The above preview is unformatted text

This student written piece of work is one of many that can be found in our AS and A Level Romeo & Juliet section.

Found what you're looking for?

  • Start learning 29% faster today
  • 150,000+ documents available
  • Just £6.99 a month

Not the one? Search for your essay title...
  • Join over 1.2 million students every month
  • Accelerate your learning by 29%
  • Unlimited access from just £6.99 per month

See related essaysSee related essays

Related AS and A Level Romeo & Juliet essays

  1. Comment on how Shakespeare uses language to communicate the feelings of Romeo and Juliet ...

    Juliet's monologue begins with her asking, "Wherefore art thou Romeo?" Questioning the meaning of their names. "Deny thy father, and refuse thy name; or, if thou wilt not, be but sworn my love, and I'll no longer be a Capulet."

  2. How did Shakespeare create tension in act 1 scene 5 of Romeo and Juliet

    (act 1 scene 5)This was used lot in Shakespeare plays. What also added to the tension is that the ball has been set up for the announcement of pairs proposing to Juliet "LADY CAPULET: marry, that 'marry' is the very theme I came to talk of.

  1. Romeo and Juliet Act 2 Scene 2 - 'Comment on how Romeo and Juliet ...

    Juliet desires Romeo physically and emotionally and wants commitment ' take all myself' Juliet then wants Romeo to give up his name and if he does Juliet will also give up her name to be with Romeo. Romeo describes his name with strong emotions because it prevents them from being together and he is aware that this upsets her.

  2. Romeo and Juliet - The balcony scene Act 2 scene 2.

    'Beauty so rich for use, for earth too dear', these words help us see that Romeo has actually fallen in love with Juliet, but Juliet has not seen Romeo because he is trying to hide himself from her. Romeo wears a mask on his head the same as all the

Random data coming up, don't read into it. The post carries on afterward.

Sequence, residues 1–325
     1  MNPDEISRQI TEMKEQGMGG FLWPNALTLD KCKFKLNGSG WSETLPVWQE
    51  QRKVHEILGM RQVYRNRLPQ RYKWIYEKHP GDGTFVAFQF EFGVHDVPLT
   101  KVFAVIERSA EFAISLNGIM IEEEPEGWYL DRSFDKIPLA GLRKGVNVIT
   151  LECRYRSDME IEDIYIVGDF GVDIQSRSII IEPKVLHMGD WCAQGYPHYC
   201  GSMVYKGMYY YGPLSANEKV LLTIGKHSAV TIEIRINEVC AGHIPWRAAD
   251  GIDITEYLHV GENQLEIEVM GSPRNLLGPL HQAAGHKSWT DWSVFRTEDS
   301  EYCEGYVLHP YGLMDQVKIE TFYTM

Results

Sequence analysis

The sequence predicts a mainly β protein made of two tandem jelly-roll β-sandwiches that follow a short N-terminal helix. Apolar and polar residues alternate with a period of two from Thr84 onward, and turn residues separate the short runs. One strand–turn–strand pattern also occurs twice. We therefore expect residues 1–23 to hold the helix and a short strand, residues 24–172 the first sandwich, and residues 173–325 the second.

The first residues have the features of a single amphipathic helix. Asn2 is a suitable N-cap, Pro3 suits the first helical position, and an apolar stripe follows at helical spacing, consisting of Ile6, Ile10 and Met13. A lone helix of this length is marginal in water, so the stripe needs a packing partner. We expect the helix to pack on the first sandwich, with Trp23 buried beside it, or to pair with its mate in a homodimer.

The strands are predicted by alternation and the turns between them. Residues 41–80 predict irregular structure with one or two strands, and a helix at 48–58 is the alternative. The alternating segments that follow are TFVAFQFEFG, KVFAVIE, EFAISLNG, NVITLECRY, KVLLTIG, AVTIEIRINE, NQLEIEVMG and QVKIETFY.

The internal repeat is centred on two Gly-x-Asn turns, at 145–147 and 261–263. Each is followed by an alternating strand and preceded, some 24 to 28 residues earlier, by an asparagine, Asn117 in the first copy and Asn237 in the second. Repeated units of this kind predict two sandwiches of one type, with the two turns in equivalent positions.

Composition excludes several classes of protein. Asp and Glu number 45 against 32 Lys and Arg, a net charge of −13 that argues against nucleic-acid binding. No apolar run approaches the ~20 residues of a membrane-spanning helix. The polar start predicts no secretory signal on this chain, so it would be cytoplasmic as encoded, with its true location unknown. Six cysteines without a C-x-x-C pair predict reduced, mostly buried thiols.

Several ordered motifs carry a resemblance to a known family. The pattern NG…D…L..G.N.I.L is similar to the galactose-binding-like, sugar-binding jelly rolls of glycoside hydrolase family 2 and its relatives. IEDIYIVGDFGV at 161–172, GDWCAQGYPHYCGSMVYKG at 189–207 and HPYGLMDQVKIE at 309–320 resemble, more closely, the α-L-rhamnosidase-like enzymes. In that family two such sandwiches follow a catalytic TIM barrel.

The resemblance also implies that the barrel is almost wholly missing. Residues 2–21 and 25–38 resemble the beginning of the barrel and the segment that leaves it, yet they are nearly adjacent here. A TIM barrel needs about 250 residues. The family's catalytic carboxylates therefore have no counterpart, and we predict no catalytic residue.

1. Romeo and Juliet Act 2 Scene 2.

    She is afraid that Romeo would forget her just asquickly as he fell in love with her. Suddenly fearful, she sees their instant falling in love as" too rash, too unadvised". It may prove as brief as a lightining flash, over as quickly as it began.

  2. Romeo and Juliet Coursework Directing a Scene - Act 2 Scene 2 (Balcony Scene)

    This needs to be said slowly to show your conundrum to the audience. In the next speech Juliet, you are deliberating about the importance of names. "What's Montague? It is nor hand nor foot," it isn't anything but a name, its nothing.

  1. Romeo & Juliet Act 1 Scene 1

    more clouds with his deep sighs' These lines portray to the audience the way in which teenagers are overrun with emotions. They show the childish ways that teenagers react to what they see as adult situations. It is the first point in the play where the ever changing moods of teenagers are explored.

  2. Direct Act 2 Scene 2, the balcony scene

    She thinks of Romeo in individual terms, and therefore her love for him overrides her family's hatred for the Montague name. She says that if Romeo were not called "Romeo" or "Montague," he would still be the person she loves.

  • Over 160,000 pieces
    of student written work
  • Annotated by
    experienced teachers
  • Ideas and feedback to
    improve your own work